Marcy and I just returned from vacation. Every year we return to the same place at the beach right around the same time of year. We PLAN. We look forward to that two weeks. We make lists to pack, etc.
How often though do we lay out our Life-priorites? Do you have a plan for the direction and purpose of your life?
When I was a doctoral student, one of the most helpful and instructive requirements of one of our courses was to create and present our “Life Mission Statement.” In a recent post “5 Reasons Why You Should Commit Your Goals to Writing,” from Michael Hyatt, he offers a PDF eBook, Creating Your Personal Life Plan, for all those who respond to his post by subscribing for email notification. It’s a great and helpful book with introductory video by Mike. He is the ideal coach because of his success at carrying out so effectively his own Life Plan. After all, he was the CEO of Thomas Nelson and now is their Chairman of the Board.–not to mention a high end blogger and successful Christian writer in his own right.
If you need reasons for creating such a Life Plan or Life Mission Statement, read Mikes post. I’d probably add a couple more here:
6. You will be able to spell out just what you’re life circles around. And you can hand out copies to close friends and family asking them to pray for you in these areas.
7. Living out your Life Mission Statement is an example for others. They actually see your progress. God wants us to so live that people can see our progress and thank God for the answered prayers they send up on our behalf.
8. There’s tremendous freedom in having a plan. Sometimes there’s freedom in something that appears constraining. A good example of this is a train. Trains don’t do well just going whereever. They don’t run best on sand or in mud. They can’t go where they want, but they have tremendous freedom when on their tracks. They can get where they’re headed much faster on those tracks than off. You have the added benefit of being able to adjust which directions and to which destinations your track (priorities and goals) will go.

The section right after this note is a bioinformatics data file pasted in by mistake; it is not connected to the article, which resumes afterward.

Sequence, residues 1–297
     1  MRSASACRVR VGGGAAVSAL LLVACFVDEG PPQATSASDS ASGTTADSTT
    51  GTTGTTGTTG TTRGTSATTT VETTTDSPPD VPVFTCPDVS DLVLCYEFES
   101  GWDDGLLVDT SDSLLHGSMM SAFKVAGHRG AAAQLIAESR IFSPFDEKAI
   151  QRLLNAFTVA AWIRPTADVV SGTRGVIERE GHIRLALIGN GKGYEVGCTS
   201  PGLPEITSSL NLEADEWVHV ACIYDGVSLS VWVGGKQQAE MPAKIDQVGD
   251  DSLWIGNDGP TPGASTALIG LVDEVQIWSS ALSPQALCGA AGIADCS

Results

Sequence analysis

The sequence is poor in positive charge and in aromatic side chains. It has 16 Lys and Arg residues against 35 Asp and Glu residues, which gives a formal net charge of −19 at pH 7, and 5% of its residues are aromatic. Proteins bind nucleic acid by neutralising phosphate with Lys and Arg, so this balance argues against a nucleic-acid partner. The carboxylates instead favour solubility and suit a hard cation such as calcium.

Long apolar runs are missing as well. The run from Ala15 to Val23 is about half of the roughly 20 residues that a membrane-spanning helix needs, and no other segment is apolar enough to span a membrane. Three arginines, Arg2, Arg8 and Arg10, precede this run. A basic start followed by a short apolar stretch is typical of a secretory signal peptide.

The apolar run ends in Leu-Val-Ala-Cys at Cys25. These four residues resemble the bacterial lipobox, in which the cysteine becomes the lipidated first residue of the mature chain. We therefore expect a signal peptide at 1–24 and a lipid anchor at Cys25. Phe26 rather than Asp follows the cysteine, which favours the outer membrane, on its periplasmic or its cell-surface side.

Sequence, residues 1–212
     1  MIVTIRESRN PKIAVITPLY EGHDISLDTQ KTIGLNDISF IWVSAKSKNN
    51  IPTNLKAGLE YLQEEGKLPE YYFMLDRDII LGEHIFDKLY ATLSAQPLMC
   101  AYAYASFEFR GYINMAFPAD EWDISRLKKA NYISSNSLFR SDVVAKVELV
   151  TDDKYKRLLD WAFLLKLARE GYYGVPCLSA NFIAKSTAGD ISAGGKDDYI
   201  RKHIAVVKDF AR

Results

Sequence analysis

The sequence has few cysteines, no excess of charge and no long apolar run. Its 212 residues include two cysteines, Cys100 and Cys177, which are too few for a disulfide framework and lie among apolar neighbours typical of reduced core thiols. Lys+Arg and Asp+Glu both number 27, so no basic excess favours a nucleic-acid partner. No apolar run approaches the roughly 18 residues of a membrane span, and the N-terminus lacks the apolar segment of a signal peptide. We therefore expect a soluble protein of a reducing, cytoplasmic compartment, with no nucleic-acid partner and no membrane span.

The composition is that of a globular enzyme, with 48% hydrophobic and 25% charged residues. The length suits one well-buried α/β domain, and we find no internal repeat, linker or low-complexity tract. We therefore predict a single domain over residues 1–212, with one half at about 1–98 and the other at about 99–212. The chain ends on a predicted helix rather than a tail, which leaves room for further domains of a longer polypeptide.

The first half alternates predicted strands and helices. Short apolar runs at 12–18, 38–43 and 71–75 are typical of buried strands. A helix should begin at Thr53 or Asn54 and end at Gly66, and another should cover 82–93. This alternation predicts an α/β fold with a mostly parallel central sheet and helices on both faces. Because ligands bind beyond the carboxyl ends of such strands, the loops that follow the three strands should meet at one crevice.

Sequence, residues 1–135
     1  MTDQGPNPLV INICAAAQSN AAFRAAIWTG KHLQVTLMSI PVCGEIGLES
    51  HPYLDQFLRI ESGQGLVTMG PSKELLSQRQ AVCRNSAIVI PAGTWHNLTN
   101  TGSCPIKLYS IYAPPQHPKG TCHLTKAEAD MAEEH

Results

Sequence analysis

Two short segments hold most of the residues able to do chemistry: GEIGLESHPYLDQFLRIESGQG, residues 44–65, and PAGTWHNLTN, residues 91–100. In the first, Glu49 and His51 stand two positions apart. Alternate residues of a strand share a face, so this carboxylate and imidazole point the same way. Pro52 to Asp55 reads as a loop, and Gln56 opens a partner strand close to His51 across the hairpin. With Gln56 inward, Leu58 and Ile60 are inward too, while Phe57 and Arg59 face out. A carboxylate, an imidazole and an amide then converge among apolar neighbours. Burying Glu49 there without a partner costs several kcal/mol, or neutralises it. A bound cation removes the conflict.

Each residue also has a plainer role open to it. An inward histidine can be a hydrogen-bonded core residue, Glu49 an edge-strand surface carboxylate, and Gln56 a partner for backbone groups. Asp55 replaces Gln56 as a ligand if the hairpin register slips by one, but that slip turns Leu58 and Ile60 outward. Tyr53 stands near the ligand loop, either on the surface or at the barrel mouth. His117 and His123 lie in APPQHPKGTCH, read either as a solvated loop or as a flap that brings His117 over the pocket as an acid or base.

Expect adjustments. Eleven years ago, I wrote out my first Life Mission Statement. Sometimes you have to adjust. Under my personal goals, one was to lose 45 pounds by a certain date. The date came and went and I had only lost 10 or so. Rather than become discouraged and give up, I simply got out my LMS and readjusted the date to reflect a more realistic loss of 1 pound per week. After some time, I realized my goal.
Expect blessings. Involve the Lord as you write out your plan. Scripture says that if you “Delight yourself in the Lord , he will give you the desires of your heart.” I believe that as you worship and enjoy Him, he plants desires. Desires to grow, desires to plan and accomplish wonderful things. Watch the blessings flow as you honor God by being a good steward of your time and life.
As for the benefits in my own life, I have been able, with several adjustments, to:
- Go deeper in the Lord
- Reach weight and health goals
- Become debt-free
- Write several books and publish one
- See my family growing and active together
- Enjoy a marriage of 32 years and we’re still like newlyweds.
- Accomplish several ministry goals
Perhaps these things might have “just happened” on their own. I guess we’ll never know. But knowing me, none of them would. I do not have the organizational skills or the self-discipline (though I’ve grown in both) to accomplish these without a plan. Nor could I have planned and succeeded without the ministry of the Holy Spirit, who led me to write out a plan.
QUESTIONS: Do you have a written plan or life mission statement? Yes or no, as Dr. Phil says “How’s that working for you?”
©2011, David C Alves
the following is a guest post by Marcy Devers Alves (my wife)
That’s the Thing
Marcy Devers Alves
To never try,
To never know
Could that plane fly?
Could this arm throw?
And could this dream inside me grow?
Now that’s the thing.
I paused tonight in troubled thought,
As in a backward view I caught
A glimpse of dreams and schemes gone past,
And wondered if somehow, at last
I’ll reach the age of later years
And looking back through sighs and tears
Say to myself in shame of pride,
Of course I failed; I never tried”.
While others round me reached and turned,
In hot pursuits, their fires burned
As mine remained a smoldering ash
With no great flame, no blinding flash.
And I, consumed, sat in the coals
With undreamed dreams and unset goals,
Waiting for the “ideal” day
Of better jobs or better pay
Or “moments suited to the task”
While one by one life’s moments passed.
To never try
To never fail
To one day pass
Beyond the veil
And hear the words I’ll have to say
“I waited for a better day”.
A better day that never came,
While life passed by, things stayed the same;
I waited for the proper time,
The day of muse, or thought or rhyme,
Instead of holding fast each minute
To suck the hallowed essence in it.
O, God a pledge I make this hour
That by your might, your strength, your power
I’ll do the things I plan today
So at life’s end I will not say
“I waited for a better day”
Now that’s the thing.
© 2011, Marcy Devers Alves